Business sector backs tax exemption initiative for technology in El Salvador.

Technology companies in El Salvador have voiced their support for President Nayib Bukele’s proposal to eliminate taxes on technological innovations and hardware manufacturing. The Salvadoran Fintech Association believes that this initiative will attract more investment from technology companies.

According to Erick Chacón, the president of the Salvadoran Fintech Association (Asafintech), this news is exciting for the sector, and new fiscal incentives will allow for the expansion of the technology ecosystem. He also noted that this is an important step in positioning the country as a hub for technology and innovation.

“We’ve seen quick reactions from people who live outside El Salvador making positive comments about setting up companies here instead of Costa Rica. This suggests that we will have a new wave of foreign companies coming to set up their operations in El Salvador, employing Salvadorans,” he said.

Mayer Mizrachi, a Jamaican-Panamanian entrepreneur who founded Geeky Drop, a marketplace in Panama to buy or sell gaming and technology items quickly and safely, wrote on social media that if the law is approved, he will change his expansion plans from Costa Rica to El Salvador.

“Given that El Salvador is dollarized, this incentive will likely put it at the forefront of technology in Latin America […] If this bill is passed, I will expand Geeky Drop to El Salvador and cancel plans to go to Costa Rica,” he said.

Chacón also mentioned that the proposed law would have an impact on the importation of hardware for production in the territory. According to data from the Central Reserve Bank (BCR), in February 2023, El Salvador imported $102.3 million in information and communication technology (ICT) goods, with a year-on-year growth of 4.29%, which represents $4.5 million more than the same period in 2022.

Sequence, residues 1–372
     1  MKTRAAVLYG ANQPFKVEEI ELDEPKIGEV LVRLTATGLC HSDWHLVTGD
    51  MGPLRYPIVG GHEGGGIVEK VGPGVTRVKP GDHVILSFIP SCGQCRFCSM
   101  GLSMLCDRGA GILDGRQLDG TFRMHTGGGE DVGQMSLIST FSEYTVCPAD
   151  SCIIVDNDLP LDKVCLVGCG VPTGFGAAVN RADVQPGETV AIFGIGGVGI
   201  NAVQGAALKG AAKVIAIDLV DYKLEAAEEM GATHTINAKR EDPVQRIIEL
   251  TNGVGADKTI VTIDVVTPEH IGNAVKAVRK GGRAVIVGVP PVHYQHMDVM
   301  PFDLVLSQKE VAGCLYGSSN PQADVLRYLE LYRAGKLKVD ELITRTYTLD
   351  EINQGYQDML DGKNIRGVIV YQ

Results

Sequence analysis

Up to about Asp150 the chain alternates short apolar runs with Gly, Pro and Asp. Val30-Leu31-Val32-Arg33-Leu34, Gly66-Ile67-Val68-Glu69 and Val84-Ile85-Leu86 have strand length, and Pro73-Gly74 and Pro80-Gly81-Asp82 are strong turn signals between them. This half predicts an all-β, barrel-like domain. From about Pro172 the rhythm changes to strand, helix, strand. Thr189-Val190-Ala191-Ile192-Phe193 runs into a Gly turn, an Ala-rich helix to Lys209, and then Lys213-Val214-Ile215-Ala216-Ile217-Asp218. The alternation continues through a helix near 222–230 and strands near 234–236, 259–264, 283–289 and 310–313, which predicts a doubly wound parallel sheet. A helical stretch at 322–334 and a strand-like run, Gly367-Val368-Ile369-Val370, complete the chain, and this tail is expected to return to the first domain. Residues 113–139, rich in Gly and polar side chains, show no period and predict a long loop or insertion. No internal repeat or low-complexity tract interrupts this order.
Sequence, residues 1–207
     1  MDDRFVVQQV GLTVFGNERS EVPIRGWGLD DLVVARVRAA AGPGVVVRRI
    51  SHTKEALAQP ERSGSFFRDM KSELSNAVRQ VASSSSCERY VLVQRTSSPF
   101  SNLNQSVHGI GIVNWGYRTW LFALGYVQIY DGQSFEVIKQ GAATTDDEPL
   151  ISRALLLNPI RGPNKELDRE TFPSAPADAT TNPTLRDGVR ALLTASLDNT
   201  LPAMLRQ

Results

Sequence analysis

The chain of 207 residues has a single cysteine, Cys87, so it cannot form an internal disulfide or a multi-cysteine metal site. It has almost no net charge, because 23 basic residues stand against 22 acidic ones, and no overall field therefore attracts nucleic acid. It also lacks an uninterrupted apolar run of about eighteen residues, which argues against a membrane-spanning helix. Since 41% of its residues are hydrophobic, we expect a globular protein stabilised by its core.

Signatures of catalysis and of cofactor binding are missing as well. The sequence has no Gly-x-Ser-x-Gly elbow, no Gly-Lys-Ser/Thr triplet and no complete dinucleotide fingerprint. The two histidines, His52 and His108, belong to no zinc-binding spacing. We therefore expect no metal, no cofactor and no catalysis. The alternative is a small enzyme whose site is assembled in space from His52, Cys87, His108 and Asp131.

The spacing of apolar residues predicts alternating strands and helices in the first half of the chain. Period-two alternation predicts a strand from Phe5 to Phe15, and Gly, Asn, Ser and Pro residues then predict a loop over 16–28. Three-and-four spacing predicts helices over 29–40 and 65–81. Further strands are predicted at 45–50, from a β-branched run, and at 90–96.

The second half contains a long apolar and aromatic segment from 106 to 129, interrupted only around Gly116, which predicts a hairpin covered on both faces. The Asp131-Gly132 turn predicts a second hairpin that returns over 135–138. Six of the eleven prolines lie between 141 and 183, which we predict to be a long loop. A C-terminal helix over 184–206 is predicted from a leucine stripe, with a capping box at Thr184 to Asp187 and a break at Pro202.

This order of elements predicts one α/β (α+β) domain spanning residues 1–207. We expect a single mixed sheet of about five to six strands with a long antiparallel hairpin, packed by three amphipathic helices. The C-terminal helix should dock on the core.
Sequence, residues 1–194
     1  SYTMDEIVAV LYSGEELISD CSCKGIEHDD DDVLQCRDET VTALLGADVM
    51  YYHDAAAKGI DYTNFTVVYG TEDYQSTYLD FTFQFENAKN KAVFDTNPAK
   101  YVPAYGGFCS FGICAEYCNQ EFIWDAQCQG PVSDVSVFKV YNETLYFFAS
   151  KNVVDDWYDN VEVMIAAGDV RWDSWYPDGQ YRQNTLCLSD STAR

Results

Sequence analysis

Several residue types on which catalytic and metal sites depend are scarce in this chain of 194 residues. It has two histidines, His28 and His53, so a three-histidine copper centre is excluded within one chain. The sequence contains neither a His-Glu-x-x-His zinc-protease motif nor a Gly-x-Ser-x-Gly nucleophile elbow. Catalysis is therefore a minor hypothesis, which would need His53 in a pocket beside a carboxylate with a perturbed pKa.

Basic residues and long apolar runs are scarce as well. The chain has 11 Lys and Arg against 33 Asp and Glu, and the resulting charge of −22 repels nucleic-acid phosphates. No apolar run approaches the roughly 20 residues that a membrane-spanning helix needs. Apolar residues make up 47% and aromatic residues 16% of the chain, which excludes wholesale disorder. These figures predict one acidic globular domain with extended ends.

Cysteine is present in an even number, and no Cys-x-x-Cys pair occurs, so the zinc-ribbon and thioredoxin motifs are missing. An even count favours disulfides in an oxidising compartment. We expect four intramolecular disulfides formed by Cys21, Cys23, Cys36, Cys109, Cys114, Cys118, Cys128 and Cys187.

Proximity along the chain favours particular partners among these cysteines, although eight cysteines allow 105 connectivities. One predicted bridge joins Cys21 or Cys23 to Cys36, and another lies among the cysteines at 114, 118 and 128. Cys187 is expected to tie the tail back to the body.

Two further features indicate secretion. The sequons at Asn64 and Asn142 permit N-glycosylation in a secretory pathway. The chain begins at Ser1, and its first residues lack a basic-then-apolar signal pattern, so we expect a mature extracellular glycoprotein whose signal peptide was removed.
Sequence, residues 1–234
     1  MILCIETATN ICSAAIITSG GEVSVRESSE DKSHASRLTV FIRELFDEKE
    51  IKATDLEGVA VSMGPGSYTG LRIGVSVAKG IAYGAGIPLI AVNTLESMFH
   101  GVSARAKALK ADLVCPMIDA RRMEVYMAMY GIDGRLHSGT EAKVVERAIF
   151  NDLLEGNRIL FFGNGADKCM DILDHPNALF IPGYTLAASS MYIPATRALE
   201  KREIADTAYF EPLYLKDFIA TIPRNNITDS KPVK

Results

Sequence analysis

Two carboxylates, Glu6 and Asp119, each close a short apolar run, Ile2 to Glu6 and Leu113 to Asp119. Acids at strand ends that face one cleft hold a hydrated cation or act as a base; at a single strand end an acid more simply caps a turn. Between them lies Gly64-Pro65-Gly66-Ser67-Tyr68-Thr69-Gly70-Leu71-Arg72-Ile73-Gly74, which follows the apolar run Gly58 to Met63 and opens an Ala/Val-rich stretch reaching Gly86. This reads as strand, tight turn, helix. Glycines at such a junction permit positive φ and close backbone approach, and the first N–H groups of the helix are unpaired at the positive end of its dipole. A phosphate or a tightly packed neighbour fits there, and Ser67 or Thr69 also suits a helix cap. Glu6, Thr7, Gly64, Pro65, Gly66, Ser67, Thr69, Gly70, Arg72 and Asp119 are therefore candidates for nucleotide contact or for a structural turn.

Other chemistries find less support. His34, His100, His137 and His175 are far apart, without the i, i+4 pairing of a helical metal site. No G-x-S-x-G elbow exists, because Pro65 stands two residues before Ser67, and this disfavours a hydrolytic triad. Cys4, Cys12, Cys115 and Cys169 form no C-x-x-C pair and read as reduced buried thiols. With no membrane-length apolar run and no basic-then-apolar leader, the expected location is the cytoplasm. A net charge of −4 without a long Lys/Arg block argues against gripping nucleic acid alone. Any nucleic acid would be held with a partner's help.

Of that total, $57.39 million were computers and peripheral equipment; $18.76 million in communication equipment; $18.41 million in electronic and consumer equipment; $3.72 million in electronic components, and $4.04 million in the “miscellaneous” classification made by the BCR.

The Bitcoin community reacted with high expectations to the announcement by the Salvadoran president. Investors in the sector, such as Max Keiser and Simon Dixon, emphasized that the initiative would contribute to the growth of the digital asset ecosystem in the country. Currently, 78 companies have registered with the central bank as Bitcoin service providers.

“Nobody can keep up with President Bukele’s pace. No media outlet has captured the extent of the remarkable change in El Salvador,” Keiser said.

“This is an example of how to grow a country based on the Austrian economy and Bitcoin,” Dixon added.

Even Jason Williams, founder of Morgan Creek Digital, a firm that provides investment services in crypto assets in the United States, stated that he considers establishing a new project in the territory due to tax exemption.

“I guess I’ll move to El Salvador to start my next company. This is incredible and progressive,” he said on Twitter.